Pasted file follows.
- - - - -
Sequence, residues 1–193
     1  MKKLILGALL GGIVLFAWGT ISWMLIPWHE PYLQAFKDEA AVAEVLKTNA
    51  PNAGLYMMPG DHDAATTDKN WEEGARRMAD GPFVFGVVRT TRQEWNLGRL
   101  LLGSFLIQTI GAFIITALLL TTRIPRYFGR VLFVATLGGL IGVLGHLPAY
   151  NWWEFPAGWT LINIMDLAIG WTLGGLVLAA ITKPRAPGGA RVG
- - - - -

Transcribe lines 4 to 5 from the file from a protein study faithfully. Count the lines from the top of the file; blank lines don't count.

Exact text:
   101  LLGSFLIQTI GAFIITALLL TTRIPRYFGR VLFVATLGGL IGVLGHLPAY
   151  NWWEFPAGWT LINIMDLAIG WTLGGLVLAA ITKPRAPGGA RVG